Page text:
By Jane M. Winand, Legal Assistance Attorney
During tax-preparation time, tax scams and fake Internal Revenue Service communications are common.
According to the IRS, thousands of people every year lose millions of dollars and their personal and financial information to these scams. Such scams target taxpayers, tax preparers, and businesses.
Always remember that the IRS never initiates contact with taxpayers by email, text messages or social media channels to request personal or financial information.
Furthermore, the IRS does not threaten taxpayers with imprisonment, lawsuits or other enforcement actions.
A common scam involves aggressive persons claiming to be IRS employees who call taxpayers, including recent immigrants. The callers use fake names and bogus IRS identification badge numbers and may alter the caller ID to make it appear as though the IRS is calling.
One approach has the caller telling the victim that money is owed to the IRS and must be paid immediately by a wire transfer or pre-loaded debit card. If the victim refuses to cooperate, the caller becomes hostile and abusive and then threatens arrest, suspension of a driver’s license or business license, or deportation.
Another approach involves the caller notifying the victim that a refund is due and the taxpayer must provide private information to claim the refund. Of course, the refund is bogus and the caller simply wants to obtain private information to engage in identity theft.
If the victim is not home when the scammer calls, the caller will often leave an “urgent” callback request.
Malware and phishing are also popular with tax scammers. Emails and text messages are designed to trick taxpayers into thinking that the IRS or a tax software company is contacting them. The taxpayer may be asked to provide information about their filing status, refund amount, PIN information and other personal data.
Clicking on a link provided in the email could take the taxpayer to a site designed to look like an official tax site, but any information provided by the taxpayer to the fake website would then be used to file false tax returns.
The fake websites could also carry malware, which can infect the taxpayer’s computer and allow criminals access to personal files. These bogus websites attempt to mirror the official IRS website. Be wary of emails mentioning USA.gov or IRSgov. (The official IRS website is IRS.gov with a dot.)
Even volunteer organizations can be used by scammers to attempt to obtain personal information. The Taxpayer Advocacy Panel is a volunteer board that advises the IRS on systemic issues involving taxpayers.
Scammers have sent taxpayers emails purportedly from TAP indicating that a refund is due. The taxpayer is then asked in the email to provide personal and financial information on a bogus website.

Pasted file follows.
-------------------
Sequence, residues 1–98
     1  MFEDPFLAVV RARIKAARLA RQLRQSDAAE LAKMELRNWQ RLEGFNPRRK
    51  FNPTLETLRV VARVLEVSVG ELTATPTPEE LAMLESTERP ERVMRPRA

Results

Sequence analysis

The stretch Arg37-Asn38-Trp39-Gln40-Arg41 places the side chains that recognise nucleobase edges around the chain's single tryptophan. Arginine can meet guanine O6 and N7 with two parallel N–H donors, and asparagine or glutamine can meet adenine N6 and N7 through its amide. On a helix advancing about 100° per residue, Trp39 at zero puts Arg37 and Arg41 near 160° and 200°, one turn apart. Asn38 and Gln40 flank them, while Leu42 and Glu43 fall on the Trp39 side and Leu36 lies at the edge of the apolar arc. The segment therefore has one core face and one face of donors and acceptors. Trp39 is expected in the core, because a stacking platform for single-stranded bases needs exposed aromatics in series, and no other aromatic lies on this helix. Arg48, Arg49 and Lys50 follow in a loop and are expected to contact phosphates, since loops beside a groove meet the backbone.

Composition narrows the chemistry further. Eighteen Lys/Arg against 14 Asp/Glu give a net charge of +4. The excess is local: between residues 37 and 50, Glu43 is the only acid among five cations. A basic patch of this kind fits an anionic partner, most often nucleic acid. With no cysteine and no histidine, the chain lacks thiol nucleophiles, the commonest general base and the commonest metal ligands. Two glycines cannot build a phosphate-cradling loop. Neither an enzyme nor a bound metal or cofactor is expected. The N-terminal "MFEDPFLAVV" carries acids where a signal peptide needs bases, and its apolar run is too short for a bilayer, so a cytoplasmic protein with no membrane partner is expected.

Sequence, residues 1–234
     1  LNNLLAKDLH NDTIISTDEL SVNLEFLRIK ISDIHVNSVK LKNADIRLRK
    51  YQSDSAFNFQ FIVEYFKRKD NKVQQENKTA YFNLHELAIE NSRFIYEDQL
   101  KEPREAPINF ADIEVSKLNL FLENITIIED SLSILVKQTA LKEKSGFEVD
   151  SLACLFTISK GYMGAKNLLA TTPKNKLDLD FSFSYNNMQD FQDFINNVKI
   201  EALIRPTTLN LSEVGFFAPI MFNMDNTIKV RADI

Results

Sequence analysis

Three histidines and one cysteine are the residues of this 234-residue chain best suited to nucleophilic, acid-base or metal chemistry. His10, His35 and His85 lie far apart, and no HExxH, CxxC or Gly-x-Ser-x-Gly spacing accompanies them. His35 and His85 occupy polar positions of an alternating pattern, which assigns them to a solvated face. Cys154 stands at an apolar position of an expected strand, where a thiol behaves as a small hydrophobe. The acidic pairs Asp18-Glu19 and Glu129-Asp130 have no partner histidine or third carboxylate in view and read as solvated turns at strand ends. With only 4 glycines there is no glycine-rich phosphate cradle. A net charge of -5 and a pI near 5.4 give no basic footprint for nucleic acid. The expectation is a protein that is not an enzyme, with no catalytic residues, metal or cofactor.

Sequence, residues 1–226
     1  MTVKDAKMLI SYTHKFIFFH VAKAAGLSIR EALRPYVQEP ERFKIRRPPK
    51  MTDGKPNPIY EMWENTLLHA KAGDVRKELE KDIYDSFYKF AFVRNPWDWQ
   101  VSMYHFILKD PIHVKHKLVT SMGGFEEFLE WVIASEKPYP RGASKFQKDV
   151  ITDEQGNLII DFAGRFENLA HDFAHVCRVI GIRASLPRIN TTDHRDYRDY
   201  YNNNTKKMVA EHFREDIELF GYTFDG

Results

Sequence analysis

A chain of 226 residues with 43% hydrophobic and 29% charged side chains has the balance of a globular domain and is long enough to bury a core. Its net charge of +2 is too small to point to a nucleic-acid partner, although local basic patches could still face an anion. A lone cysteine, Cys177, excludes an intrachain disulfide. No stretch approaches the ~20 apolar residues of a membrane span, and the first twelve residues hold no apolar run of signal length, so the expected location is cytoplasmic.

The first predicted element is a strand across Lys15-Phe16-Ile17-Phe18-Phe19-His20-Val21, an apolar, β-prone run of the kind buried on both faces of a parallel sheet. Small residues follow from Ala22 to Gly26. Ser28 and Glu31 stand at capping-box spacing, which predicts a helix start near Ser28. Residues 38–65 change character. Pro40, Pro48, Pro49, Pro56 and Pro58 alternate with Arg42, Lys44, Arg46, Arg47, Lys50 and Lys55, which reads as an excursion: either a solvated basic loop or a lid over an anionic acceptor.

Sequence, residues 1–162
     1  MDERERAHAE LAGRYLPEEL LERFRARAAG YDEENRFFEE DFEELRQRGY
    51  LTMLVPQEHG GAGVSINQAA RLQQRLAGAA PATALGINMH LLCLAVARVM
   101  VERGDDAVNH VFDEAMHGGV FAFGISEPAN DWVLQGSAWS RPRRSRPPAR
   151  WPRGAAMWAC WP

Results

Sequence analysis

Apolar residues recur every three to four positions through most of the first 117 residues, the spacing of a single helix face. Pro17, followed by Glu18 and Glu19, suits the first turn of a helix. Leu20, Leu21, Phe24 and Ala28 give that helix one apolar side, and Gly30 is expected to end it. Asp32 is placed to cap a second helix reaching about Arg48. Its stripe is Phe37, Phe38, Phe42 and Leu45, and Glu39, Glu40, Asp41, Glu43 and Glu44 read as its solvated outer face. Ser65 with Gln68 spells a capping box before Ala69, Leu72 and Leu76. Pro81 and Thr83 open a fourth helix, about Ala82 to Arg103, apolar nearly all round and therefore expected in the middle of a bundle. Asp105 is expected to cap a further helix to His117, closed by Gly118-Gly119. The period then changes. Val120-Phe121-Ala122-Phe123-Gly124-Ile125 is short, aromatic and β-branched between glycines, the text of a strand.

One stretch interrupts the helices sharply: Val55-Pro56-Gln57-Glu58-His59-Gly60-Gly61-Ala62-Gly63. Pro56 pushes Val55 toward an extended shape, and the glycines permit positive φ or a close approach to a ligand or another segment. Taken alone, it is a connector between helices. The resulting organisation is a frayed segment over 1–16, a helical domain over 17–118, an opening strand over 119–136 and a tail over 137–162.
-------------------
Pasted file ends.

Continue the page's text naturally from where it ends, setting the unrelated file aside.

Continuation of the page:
TAP never requests, and has no access to, any taxpayer’s personal or financial information. Unless the taxpayer has first contacted TAP directly, such TAP emails should be disregarded.
Scammers have displayed amazing creativity and have tried other unusual tactics to steal your money such as:
Sending a fake email purporting to be a notice of an IRS tax bill related to the Affordable Care Act.
Directing emails using a corporate officer’s name to request employee tax forms from company payroll and human resources departments.
IRS impersonators calling taxpayers to demand payment of a non-existent “Federal Student Tax.”
Imitating software providers to trick professional tax preparers into disclosing taxpayer information.
Contacting taxpayers to demand payment using iTunes gift cards for fake taxes.
Remember, the IRS will never call to demand immediate payment using a specific method such as a wire transfer or prepaid debit card. The IRS will first mail you a written notice if you owe taxes.
The IRS will not threaten to immediately bring in law enforcement to arrest you for not paying. The IRS also will not demand that you pay taxes without giving you the opportunity to challenge the amount you supposedly owe.
Finally, the IRS will never ask for credit or debit card numbers over the phone.
For more information about tax scams, visit the IRS website.
The Joint Installation Tax Center is available to assist service members, retirees and their family members with free federal and state income tax preparation and electronic filing at 4217 Morrison St., Office of the Staff Judge Advocate.
To schedule an appointment, call the Tax Center at 301-677-9366.